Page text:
There are an estimated 3400 species of frogs in the world. They have four parts: head, body, arms, and legs. The front limbs are long and adapted for jumping. The head and trunk are intertwined. The tail is present only in the larval stage, and it is lost in adults. Fertilization occurs outside the body and eggs are laid in water. For example, some frogs and toads have smooth skin, while others have rough skin.

1. Coelacanth

There are only two living species of coelacanths, and they date back millions of years. The small size of the population of these animals puts them at risk of extinction.

2. Lungfish

Lungfish have a breathing organ that is similar to the human lung. The organ is an adaptation of the swim bladder that helps fish swim. This helps them survive longer out of water.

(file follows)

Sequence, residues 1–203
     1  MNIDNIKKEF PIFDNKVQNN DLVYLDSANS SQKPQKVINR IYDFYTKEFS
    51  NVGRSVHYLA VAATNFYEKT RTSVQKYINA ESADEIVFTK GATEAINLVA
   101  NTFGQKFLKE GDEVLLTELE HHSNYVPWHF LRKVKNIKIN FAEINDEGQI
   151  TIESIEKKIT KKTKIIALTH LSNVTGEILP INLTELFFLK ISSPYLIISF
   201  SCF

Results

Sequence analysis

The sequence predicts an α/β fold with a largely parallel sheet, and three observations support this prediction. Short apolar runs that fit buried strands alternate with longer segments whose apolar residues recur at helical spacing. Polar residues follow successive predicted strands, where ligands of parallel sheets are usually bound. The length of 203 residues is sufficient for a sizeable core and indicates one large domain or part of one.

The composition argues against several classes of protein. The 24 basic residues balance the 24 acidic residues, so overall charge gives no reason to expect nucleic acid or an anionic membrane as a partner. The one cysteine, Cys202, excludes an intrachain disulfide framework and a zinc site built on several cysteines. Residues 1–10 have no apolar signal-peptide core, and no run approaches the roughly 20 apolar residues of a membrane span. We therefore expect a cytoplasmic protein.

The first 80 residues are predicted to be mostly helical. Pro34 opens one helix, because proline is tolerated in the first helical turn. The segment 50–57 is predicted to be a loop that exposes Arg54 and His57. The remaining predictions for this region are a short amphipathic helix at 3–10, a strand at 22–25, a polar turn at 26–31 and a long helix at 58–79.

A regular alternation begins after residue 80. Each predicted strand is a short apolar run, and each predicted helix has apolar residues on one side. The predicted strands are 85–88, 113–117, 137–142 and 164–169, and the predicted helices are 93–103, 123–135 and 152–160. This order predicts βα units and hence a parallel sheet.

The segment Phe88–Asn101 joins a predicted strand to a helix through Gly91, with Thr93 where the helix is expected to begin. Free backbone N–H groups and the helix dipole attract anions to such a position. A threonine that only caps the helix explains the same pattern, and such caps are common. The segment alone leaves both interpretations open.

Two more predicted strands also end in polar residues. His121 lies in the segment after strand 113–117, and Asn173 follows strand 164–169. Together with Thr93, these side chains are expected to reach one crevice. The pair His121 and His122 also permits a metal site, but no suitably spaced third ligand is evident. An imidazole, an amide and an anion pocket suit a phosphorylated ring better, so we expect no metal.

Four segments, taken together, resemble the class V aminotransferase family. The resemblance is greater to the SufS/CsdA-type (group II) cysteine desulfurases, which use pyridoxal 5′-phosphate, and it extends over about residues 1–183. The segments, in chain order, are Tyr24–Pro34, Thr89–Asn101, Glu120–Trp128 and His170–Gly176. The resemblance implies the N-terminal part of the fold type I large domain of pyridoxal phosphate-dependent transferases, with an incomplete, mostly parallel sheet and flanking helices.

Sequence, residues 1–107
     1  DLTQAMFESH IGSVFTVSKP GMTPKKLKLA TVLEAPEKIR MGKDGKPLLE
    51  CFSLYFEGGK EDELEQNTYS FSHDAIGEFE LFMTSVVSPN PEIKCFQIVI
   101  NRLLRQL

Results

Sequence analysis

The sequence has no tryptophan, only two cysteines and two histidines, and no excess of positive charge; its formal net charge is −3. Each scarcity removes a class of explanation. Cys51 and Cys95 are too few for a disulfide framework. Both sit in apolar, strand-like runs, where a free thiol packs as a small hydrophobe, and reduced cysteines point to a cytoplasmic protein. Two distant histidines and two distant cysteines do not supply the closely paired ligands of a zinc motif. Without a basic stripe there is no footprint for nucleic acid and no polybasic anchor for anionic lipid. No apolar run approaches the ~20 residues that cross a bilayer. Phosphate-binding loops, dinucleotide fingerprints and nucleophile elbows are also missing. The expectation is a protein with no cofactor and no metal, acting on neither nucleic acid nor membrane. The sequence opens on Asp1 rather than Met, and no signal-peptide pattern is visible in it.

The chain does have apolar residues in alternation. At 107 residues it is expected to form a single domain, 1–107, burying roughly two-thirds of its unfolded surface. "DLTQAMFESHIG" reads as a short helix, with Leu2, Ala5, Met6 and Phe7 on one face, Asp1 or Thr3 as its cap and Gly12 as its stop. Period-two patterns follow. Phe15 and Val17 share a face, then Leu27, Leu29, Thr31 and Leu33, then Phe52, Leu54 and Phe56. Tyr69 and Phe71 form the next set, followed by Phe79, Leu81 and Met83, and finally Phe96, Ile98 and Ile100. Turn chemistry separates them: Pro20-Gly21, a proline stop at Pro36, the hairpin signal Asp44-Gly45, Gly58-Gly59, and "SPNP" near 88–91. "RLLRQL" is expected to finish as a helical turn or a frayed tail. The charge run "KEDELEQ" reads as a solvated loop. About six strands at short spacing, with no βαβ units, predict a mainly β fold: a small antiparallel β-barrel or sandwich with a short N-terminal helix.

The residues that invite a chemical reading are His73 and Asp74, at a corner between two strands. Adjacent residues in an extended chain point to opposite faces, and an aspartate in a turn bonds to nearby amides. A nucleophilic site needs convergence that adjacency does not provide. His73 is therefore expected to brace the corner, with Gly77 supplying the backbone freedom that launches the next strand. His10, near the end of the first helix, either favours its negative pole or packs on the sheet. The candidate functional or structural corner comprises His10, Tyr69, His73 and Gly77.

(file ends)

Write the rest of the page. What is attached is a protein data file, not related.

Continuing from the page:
3. Reptilia –

These were the first organisms to be adapted to live on land. It is believed that they evolved from amphibians millions of years ago. There are over 10,000 different species of reptiles on Earth. They are animals belonging to the phylum Chordata of the Animal Kingdom. They are cold-blooded and move around using their scales.

The skulls of reptiles are shaped in a way that gives them an efficient and powerful jaw action. The modification also lightens the scalp.

Classification of Reptiles –

The reptile class is divided into three major subclasses:

1. Anapsida

2. Parapsida

3. Diapsida

i. Anapsida